Effects of Enzyme and Microbially Induced Carbonate Precipitation Treatments on the Response of Axially Loaded Pervious Concrete Piles

Hai Lin, Sean T. O'Donnell, Muhannad T. Suleiman, Edward Kavazanjian, Derick G. Brown

Research output: Contribution to journalArticlepeer-review

7 Scopus citations


EICP (enzyme induced carbonate precipitation) and MICP (microbially induced carbonate precipitation) treatments were applied through pervious concrete model piles to cement soil around the piles and enhance soil-pile interaction and pile capacity. The behaviors of the pervious concrete piles treated by EICP and MICP when subjected to axial compression loading were compared with each other and with an untreated pervious concrete pile. These tests were performed on 1/10th-scale model piles in the soil-structure interaction (SSI) testing facility at Lehigh University. The piles and surrounding soil were instrumented with strain gauges, bender elements, in-soil null pressure sensors, and a tactile pressure sheet. The responses of the pervious concrete piles and surrounding soil were compared through analysis of shear wave (S-wave) velocities in the treated and untreated soil zones, load transfer along the piles at the ultimate load condition, soil moisture content, calcium carbonate (CaCO3) content and ammonium (NH4+) concentration in soil, and the characteristics of the precipitated CaCO3 crystals along the soil-pile interface. In addition, comparisons with consolidated drained (CD) triaxial test results were made among sand without treatment and with EICP and MICP treatments. The results presented in this paper demonstrated that both EICP and MICP treatments can create a cemented soil zone surrounding the pervious concrete pile and improve the pile capacity and load transfer under compression loading.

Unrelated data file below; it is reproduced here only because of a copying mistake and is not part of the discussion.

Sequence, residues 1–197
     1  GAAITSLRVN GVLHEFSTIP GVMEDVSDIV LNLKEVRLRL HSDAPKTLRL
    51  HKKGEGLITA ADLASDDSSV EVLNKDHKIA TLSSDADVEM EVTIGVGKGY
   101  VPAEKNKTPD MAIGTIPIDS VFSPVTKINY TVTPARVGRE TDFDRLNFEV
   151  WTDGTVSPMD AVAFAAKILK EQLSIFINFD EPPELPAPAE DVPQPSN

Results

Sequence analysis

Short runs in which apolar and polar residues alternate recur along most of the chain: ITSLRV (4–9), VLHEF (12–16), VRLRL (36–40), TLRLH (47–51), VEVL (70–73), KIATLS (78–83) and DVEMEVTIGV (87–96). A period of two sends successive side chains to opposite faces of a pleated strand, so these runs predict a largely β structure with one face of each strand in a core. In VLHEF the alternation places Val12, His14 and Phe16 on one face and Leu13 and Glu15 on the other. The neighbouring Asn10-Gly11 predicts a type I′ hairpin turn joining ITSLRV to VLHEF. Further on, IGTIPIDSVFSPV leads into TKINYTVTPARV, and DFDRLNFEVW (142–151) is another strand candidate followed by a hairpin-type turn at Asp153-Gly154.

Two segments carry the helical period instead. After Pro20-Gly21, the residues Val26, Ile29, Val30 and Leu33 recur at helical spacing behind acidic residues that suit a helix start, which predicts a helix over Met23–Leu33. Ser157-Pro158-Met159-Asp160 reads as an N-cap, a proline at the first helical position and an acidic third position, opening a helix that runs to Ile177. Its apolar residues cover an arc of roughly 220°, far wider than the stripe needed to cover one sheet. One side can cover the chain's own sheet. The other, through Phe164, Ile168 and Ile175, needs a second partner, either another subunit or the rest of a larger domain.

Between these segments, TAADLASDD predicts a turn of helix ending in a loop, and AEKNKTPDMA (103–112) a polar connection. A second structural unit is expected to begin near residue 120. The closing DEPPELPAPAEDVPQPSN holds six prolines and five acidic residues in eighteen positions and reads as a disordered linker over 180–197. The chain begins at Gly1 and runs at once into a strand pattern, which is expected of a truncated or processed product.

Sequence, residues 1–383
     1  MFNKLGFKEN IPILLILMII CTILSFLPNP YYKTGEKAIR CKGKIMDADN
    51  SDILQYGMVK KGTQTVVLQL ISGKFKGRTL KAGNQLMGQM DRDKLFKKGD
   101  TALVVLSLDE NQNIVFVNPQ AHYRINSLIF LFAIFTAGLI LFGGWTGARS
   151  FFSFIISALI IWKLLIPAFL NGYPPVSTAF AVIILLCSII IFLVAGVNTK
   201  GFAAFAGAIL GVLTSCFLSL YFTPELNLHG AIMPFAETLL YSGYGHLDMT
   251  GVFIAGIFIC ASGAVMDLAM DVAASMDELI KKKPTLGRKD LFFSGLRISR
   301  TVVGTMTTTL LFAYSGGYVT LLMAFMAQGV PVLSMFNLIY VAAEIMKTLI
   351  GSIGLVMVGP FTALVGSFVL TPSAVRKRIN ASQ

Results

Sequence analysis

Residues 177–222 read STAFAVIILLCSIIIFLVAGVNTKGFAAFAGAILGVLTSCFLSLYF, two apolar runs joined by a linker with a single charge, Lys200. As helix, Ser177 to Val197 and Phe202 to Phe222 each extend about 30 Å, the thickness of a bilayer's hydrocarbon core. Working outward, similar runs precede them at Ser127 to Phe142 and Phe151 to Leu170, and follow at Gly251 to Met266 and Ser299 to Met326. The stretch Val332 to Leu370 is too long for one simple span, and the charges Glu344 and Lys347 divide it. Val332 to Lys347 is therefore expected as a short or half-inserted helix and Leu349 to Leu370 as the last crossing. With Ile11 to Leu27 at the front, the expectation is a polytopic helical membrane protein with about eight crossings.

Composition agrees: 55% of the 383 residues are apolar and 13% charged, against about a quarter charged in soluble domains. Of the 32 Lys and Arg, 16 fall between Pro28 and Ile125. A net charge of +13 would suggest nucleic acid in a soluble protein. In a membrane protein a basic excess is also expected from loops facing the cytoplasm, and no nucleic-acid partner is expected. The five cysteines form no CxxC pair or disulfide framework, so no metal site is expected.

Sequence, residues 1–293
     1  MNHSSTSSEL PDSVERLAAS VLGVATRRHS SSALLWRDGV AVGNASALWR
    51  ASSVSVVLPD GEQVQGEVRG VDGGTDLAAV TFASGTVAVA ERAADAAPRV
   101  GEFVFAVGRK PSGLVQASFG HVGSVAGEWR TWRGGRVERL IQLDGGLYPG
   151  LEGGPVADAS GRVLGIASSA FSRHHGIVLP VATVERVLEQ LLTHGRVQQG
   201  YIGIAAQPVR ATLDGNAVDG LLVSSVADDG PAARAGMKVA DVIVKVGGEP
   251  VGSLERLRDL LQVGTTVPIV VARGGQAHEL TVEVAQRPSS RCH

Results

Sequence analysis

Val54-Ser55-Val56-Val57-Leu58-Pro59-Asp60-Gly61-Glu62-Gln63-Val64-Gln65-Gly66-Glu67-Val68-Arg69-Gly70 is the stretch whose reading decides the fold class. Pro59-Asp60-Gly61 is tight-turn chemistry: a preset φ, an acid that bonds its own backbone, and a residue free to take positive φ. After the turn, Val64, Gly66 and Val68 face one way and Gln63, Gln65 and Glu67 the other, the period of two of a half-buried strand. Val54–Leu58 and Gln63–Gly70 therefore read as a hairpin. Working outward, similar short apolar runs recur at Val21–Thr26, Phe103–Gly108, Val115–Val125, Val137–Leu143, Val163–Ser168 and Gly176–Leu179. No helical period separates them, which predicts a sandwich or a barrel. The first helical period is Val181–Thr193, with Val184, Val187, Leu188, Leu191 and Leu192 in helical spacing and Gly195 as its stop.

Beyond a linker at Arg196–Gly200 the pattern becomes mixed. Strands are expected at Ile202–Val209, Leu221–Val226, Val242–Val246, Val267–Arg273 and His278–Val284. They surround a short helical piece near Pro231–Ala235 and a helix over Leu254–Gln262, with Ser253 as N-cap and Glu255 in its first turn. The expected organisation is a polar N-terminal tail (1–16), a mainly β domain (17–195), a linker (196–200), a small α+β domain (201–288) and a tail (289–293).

Original languageEnglish (US)
Article number04021057
JournalJournal of Geotechnical and Geoenvironmental Engineering
Issue number8
StatePublished - Aug 1 2021


  • Cementation
  • Enzyme induced carbonate precipitation
  • Ground improvement
  • Microbially induced carbonate precipitation
  • Pervious concrete
  • Postgrouting
  • Soil-pile interaction

ASJC Scopus subject areas

  • Environmental Science(all)
  • Geotechnical Engineering and Engineering Geology


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